Apocalypse Now (1979), one of the most important films to emerge from the Vietnam War era, took ten years and more than $30 million to make. Director Francis Ford Coppola struggled with setback after setback during production and constantly questioned his work on the film, to the point of threatening suicide. Because the film was shot in the Philippines and financed largely outside of the Hollywood studio system, it acquired a certain mystery among the media. By the time of its release, it had become almost mythical in stature.

Apocalypse Now is based loosely on Joseph Conrad’s 1898 novella Heart of Darkness, the story of a ship captain’s journey up the Congo River during the heyday of European imperialism in Africa. Conrad’s novella follows Marlow’s quest to find Kurtz, an ivory trader and philosopher whose intentions to enlighten the African natives fail as he gives in to the jungle’s savage temptations and ultimately goes insane. Orson Welles worked to adapt the novella for the screen in 1939, but his studio feared the production would go over budget and backed off the project. Welles ended up making Citizen Kane instead.

In 1969, Coppola founded American Zoetrope with young filmmaker George Lucas, hoping to create a film company that could be financially and creatively independent from the conservative, restrictive Hollywood studio system. Among the first projects they sought to complete was Apocalypse Now, an original screenplay by John Milius based on Heart of Darkness but updated to take place in Vietnam during the Vietnam War. Lucas hoped to direct the film, but they were unable to secure financing. At the time, the American antiwar movement was gaining power, as citizens became increasingly bitter and resentful about the United States’ role in the war. Executives were reluctant to release a Vietnam-related film amid such a volatile social context.

The project was shelved as Coppola and Lucas put the almost-bankrupt American Zoetrope on hold. Meanwhile, Coppola directed The Godfather (1972) and The Godfather, Part II (1974), which together went on to win nine Academy Awards and make Coppola a multimillionaire. With his new wealth, he revisited his plans for an independent filmmaking company and again chose Apocalypse Now to spearhead the reemergence of American Zoetrope. When Coppola took up the film for the second time at age thirty-six, he had seven feature films under his belt and was the winner of six Academy Awards. Apocalypse Now, however, was to be his most ambitious film in terms of both vision and scale—he felt prepared to create an epic movie that would capture the totality of the Vietnam War.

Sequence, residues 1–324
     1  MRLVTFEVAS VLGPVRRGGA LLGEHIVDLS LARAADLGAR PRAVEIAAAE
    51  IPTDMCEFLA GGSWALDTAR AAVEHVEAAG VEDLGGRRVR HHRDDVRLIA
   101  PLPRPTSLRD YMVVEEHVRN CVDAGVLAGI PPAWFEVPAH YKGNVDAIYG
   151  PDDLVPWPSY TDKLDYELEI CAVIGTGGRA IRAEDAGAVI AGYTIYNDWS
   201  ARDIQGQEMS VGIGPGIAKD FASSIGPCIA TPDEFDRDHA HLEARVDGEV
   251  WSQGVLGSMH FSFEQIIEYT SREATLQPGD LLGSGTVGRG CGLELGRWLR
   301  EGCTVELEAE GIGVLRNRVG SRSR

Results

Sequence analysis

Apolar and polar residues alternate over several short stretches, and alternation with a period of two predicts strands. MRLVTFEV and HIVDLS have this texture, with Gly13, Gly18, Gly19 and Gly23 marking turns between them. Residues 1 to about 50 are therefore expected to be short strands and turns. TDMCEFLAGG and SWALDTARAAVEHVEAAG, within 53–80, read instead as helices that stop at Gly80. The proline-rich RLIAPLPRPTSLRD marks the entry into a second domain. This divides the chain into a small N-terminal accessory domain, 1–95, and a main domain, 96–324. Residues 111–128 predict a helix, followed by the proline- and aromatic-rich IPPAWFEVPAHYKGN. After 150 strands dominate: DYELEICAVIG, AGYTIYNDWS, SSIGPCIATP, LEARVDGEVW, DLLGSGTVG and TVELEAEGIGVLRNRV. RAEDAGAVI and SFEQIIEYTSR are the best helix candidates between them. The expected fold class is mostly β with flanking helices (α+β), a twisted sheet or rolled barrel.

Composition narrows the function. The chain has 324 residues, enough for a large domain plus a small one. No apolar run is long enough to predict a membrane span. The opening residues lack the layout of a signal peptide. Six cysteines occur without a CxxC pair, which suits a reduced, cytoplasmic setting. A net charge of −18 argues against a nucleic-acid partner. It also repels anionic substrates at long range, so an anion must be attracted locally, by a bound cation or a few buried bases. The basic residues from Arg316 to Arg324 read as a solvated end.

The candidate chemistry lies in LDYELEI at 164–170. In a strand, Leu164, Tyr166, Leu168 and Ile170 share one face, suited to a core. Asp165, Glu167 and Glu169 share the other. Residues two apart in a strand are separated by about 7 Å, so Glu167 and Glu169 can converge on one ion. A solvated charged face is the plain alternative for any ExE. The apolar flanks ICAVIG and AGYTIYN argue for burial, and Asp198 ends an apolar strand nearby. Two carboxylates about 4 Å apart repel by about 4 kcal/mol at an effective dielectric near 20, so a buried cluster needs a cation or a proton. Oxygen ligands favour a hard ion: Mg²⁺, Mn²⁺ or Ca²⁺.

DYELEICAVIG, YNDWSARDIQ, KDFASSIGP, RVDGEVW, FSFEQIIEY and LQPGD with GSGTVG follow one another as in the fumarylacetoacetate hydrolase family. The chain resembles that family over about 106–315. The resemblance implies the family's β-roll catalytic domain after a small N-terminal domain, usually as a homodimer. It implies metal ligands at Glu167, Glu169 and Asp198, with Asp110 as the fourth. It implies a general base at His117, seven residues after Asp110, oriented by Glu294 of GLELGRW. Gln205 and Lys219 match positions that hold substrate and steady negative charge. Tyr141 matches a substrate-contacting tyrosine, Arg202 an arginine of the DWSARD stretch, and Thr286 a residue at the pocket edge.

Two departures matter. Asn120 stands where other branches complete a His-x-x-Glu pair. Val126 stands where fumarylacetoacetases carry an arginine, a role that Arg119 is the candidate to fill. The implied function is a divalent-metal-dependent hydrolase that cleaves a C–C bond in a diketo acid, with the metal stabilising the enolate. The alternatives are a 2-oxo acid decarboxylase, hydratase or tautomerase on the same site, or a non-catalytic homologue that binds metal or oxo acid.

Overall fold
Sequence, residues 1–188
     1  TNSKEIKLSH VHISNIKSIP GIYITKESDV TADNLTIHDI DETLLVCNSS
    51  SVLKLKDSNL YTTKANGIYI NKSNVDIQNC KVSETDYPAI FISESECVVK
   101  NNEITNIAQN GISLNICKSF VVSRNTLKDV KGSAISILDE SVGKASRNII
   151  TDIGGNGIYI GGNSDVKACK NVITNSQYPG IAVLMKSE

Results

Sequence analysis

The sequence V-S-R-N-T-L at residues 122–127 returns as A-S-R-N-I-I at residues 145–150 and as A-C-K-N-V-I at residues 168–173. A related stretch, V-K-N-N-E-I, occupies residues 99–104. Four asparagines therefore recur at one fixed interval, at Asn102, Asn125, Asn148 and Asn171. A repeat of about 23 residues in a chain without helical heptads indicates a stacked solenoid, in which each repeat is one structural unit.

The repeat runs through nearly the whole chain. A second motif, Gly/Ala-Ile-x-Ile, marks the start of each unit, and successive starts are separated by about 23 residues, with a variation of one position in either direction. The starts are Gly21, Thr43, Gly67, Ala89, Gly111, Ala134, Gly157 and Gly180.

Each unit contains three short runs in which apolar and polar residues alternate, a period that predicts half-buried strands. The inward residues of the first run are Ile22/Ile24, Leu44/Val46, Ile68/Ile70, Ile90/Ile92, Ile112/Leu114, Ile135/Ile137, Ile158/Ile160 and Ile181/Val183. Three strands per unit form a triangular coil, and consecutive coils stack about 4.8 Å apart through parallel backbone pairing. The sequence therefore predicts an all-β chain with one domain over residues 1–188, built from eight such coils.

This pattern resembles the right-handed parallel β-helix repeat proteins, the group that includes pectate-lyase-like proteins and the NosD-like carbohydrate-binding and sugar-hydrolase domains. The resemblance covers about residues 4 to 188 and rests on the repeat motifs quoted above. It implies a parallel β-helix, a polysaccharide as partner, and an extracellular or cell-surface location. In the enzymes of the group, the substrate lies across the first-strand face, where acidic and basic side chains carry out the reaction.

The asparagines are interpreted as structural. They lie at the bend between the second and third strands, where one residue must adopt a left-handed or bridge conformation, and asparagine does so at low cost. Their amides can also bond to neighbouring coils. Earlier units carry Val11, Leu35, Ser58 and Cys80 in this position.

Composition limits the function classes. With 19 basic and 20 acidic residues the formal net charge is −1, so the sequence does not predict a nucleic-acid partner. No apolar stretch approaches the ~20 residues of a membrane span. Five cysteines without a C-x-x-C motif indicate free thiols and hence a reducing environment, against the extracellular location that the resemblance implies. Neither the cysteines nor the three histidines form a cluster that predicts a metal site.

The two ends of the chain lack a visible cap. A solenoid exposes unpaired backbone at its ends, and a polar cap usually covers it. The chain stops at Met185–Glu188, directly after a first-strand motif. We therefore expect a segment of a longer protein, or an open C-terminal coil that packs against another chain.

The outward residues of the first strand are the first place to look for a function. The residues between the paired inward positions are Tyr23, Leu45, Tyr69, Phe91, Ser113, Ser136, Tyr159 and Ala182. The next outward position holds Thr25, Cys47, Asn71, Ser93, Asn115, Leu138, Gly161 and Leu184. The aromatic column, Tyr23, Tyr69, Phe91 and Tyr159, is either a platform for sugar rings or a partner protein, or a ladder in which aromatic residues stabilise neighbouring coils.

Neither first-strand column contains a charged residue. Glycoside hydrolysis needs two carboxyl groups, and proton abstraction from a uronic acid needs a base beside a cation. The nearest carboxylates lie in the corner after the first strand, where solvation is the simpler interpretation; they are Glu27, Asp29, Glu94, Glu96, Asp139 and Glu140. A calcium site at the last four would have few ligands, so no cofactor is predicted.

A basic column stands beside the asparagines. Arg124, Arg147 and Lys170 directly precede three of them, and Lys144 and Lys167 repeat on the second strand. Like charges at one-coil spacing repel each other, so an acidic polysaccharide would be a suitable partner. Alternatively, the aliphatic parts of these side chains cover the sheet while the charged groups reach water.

The Vietnam War was fought from 1959 to 1975. South Vietnamese independence was at stake, as the war’s outcome would determine whether North and South Vietnam would be unified under communist North Vietnamese rule. The United States became involved in the conflict because its policymakers feared the spread of communism. China and much of Eastern Europe were already under communist control, and U.S. leaders felt they could not “lose” Southeast Asia as well. The United States helped install an anticommunist prime minister, Ngo Dinh Diem, in South Vietnam in1954. When Diem was killed in a military coup in 1963, the United States became more directly involved in the war. The first U.S. combat troops were sent to Vietnam in 1965. With conscription in effect, the U.S. military drafted increasing numbers of young men to serve as the war progressed. The average age of a U.S. soldier in Vietnam was nineteen, and the majority were youths from the poorer sections of American society. By 1968, about 40,000 young men were drafted each month to meet demands for increased troops in Vietnam.